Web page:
Page 2-Sunday, September 28, 1980-The Michigan Daily
says extremists set Munich blast
.inn~hn hnnnnr I.;ahtcsrincs fairorouinds was a terr ic tattackb hit o h 01 i;h(ir n
Compiled from Associated Press and
United Press International reports
From AP and UPI
MUNICH, West Germany-A woman
claiming to speak for right-wing ex-
tremists said yesterday they were
responsible for the Oktoberfest bomb
blast that tore through a crowd of beer
festival revelers here, killing 12 and
wounding 144, authorities said.
The Munich-based weekly magazine
Quick reported yesterday that among
the dead, police found the mutilated
body of Gundolf Koehler, 21, a known
member of a banned neo-Nazi group.
MUNICH NEWSPAPERS reported
police had evidence that a member of
anotner oanned rignt-wing
organization, the "Hoffmann Defense
Group," was among the suspects and
that several members of the neo-Nazi
group were arrested as they tried to
cross the border into Austria. ,
There were unconfirmed reports
police searched the lavish, castle-like
Nuernberg home of Karl-Heinz Hof-
fmann, a painter who reportedly affects
Nazi-type uniforms on occasion.
Police refused comment on the repor-
ts, and the federal prosecutor's office in
Karlsruhe ordered a news ban.
THE 146-YEAR-OLD Oktoberfest
celebration has its roots in ancient har-
vest rituals, but is usually held in Sep-
tember. Tens of thousands of people,
undaunted by Friday's incident,
shouldered their way onto the Oktober-
fest grounds yesterday to sample car-
nival rides, sausages, and liters of beer.
Police said they assumed Friday
night's explosion at the Oktoberfest
LULg rorsb il a LFO75LaCK DUL
expressed some doubts about the
woman's claim, which also indicated
the group was behind last month's
Bologna, Italy, bomb massacre.
"We don't have any firm lead," a
police spokesperson said.
THE WOMAN, speaking with a heavy
French accent, called two newspapers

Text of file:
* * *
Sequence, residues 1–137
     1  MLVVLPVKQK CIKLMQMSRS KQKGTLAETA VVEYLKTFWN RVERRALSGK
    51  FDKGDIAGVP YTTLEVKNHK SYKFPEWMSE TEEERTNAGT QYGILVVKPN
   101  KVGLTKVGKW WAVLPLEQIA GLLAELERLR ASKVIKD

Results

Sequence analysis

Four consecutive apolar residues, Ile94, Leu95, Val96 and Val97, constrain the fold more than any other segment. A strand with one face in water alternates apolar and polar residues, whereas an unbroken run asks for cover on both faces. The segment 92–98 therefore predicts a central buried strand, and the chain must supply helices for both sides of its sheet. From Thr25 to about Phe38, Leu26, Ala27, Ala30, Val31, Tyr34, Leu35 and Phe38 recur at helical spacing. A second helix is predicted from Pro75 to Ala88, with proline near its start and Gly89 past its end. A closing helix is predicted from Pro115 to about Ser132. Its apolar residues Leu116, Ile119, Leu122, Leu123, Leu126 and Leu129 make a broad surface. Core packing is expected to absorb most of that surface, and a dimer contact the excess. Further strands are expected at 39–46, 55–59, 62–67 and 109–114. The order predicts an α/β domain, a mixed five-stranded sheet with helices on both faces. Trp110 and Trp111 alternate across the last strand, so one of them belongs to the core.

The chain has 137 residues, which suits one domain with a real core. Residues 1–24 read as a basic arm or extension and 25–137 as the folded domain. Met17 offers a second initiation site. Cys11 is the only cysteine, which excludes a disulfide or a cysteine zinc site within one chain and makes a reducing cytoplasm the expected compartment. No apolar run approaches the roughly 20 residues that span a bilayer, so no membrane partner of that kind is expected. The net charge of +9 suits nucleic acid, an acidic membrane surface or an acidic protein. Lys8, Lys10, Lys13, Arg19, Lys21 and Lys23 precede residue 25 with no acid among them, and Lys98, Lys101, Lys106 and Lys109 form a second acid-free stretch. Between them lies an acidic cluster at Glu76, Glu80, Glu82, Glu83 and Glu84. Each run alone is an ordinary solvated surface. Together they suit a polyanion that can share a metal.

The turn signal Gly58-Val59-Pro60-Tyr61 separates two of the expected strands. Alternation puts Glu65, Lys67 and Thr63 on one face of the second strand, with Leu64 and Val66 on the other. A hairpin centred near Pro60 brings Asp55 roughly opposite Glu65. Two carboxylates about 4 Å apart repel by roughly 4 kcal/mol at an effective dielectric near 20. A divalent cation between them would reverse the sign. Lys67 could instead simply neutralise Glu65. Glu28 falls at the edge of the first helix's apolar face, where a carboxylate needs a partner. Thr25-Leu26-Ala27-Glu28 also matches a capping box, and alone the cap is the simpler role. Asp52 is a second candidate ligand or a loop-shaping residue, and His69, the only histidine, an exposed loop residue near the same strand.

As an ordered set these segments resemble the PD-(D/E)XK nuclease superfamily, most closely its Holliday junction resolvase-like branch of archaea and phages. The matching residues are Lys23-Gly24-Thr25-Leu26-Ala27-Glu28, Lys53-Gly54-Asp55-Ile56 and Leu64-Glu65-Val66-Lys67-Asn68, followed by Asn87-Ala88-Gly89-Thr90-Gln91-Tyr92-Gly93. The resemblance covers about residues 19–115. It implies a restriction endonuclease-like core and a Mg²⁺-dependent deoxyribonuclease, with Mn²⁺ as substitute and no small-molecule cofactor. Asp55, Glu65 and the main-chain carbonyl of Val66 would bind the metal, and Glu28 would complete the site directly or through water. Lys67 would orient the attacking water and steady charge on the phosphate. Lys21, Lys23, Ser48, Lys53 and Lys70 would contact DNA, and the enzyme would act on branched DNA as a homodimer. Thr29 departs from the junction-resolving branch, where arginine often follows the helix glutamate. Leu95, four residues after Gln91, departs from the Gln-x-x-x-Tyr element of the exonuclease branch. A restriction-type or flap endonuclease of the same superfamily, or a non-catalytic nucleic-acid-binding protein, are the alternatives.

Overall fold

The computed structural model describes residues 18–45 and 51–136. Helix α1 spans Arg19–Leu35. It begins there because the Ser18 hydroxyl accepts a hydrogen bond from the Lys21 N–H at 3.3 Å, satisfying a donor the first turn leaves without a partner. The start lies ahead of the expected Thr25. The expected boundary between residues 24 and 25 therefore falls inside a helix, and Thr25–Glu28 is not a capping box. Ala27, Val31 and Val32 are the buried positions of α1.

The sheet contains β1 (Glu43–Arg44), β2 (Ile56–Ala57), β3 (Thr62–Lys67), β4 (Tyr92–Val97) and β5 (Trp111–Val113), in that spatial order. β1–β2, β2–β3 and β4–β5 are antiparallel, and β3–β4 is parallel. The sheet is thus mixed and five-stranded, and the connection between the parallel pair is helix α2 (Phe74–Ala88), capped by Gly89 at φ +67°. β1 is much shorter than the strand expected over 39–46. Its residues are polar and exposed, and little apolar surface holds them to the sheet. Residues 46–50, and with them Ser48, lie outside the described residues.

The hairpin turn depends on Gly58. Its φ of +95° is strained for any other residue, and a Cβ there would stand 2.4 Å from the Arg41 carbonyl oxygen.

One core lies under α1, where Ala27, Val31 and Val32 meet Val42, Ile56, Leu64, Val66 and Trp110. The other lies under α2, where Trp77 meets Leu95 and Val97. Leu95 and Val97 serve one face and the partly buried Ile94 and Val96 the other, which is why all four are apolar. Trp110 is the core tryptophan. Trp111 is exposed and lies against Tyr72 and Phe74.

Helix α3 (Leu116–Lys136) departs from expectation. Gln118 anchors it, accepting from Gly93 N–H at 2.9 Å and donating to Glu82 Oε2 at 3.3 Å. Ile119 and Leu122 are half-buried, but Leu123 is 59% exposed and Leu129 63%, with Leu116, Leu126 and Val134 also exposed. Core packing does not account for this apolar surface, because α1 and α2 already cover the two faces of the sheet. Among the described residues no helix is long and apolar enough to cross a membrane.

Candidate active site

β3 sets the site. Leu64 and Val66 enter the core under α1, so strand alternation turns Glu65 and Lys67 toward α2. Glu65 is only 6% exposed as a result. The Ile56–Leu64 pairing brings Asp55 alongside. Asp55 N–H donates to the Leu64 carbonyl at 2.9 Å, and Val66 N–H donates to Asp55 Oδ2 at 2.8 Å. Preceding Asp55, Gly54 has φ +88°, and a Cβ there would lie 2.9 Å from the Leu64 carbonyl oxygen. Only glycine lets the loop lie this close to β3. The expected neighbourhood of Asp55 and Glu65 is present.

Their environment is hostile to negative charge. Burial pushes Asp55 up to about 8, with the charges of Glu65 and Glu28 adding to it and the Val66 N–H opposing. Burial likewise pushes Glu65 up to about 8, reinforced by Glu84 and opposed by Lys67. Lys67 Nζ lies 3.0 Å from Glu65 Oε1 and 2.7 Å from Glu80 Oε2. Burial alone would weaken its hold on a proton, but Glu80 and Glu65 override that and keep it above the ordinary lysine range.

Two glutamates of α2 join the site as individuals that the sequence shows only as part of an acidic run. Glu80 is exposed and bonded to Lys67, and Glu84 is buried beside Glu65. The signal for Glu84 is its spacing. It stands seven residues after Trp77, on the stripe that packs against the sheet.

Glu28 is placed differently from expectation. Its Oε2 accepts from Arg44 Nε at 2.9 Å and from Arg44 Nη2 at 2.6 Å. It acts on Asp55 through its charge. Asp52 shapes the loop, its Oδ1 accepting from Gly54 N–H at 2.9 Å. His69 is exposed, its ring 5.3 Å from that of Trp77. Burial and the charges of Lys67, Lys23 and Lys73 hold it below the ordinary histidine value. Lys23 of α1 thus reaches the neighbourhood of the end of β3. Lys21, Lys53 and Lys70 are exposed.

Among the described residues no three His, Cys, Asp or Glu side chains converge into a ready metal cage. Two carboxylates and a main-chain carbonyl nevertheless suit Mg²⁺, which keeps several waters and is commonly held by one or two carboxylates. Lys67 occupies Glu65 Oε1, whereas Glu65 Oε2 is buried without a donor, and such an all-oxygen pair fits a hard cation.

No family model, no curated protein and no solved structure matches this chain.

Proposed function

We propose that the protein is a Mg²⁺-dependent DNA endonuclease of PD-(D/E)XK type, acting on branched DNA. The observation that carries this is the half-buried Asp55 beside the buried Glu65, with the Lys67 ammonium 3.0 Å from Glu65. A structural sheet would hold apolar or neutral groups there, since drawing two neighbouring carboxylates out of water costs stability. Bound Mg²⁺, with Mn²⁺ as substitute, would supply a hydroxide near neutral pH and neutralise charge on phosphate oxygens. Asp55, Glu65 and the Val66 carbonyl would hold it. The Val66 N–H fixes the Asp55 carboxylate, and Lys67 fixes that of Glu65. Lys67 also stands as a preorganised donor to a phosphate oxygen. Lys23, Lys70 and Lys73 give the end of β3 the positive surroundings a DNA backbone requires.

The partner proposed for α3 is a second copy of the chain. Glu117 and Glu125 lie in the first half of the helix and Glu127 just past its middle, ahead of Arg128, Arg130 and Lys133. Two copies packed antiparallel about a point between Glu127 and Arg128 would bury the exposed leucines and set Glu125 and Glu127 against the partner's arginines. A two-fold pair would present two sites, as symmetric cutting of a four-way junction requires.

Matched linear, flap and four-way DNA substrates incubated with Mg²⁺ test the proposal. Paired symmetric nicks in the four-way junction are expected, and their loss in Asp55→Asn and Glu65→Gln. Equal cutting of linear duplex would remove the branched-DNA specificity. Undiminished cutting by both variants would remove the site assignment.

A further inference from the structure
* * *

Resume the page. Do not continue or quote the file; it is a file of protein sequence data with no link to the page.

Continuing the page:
in Munich and said "this is the Right of
Bologna, we have struck again," ac-
cording to Bavarian state police.
Authorities felt the claim "doesn't
mean all that much," a police
spokesperson said, but pointed out that
the Bologna railroad station explosion
and the Oktoberfest bombing appeared
aimed at the public instead of at a
single prominent public figure as is the
case with most organized terrorism.
It was the worst bomb attack ever in
West Germany and the bloodiest act of
terrorism on its soil since a Palestinian
terrorist attack killed 11 Israeli athletes
D1 0 D
at the 1972 munich Olympics. Some tau
people were killed in the Bologna blast.
BAVARIAN STATE Interior Minister
Gerold Tandler said the device, hidden
in a trash can attached to a traffic sign,
was triggered by electric means, and
blasted in all directions. Police
estimated 1,000 people were in the im-
mediate vicinity at the time of the blast.
The bomb, a cast-iron tube holding,
between 2 and 6.5 pounds of explosives,
hurled bodies more than 20 yards
across the street outside the festival
The explosion came only hours after
Rolf Clemens Wagner, one of West
Germany's most wanted terrorists, was
sentenced to life imprisonment by a
Swiss court for a murder committed
during a Zurich bank robbery in 1979. It
was not known if there was any like
between the sentencing and the blast.
Police said the dead in Friday's bom-
bing included two Austrians, one Swiss,
one Briton, and that the others were-
Germans. "We have no indication that
any of the victims were Americans," a
spokesperson said. The wounded were
being treated at five local hospitals.
Thousands of tourists and local
residents crowded the Theresien
Meadow despite the attack the night
before, and authorities announced the
festival would continue as scheduled
through Oct.5 because so manyadvan-
ce tourism commitments had been
(Continued from Page 1)
and Richards was caught underneath
the vehicle as it left the intersection,
Ann Arbor Police Lt. Harold Rady said.
After Richards became disentangled
from the car near the corner of State
and Stinson Streets, it sped away.
Richards was taken to University
Hospital where he underwent surgery
yesterday. He continues to recover in
the hospital's burn unit.
Rady said the car was described as
"dark, shaped like Plymouth Duster.
"I don't recall ever hearing about an
incident like this one," Rady said. He
said it was "unreal" that Richards
managed to survive.
An investigation has ib n concer-
ning the Friday night incident, Lt. Rady
said. The as-yet unidentified vehicle
will be sought by police, who will then
attempt to establish whether any
criminal charges are warranted-i.e. if
the driver was aware that Richards
was being dragged by the car.
EL-506 OUR PR I
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Tampon makers agree to
inform consumers of recall
The manufacturer of Rely tampons has agreed to launch a massive
media campaign warning women not to use the tampons because of the
product's link with the sometimes fatal toxic shock syndrome. The
agreement signed Friday night by the company with the Food and Drug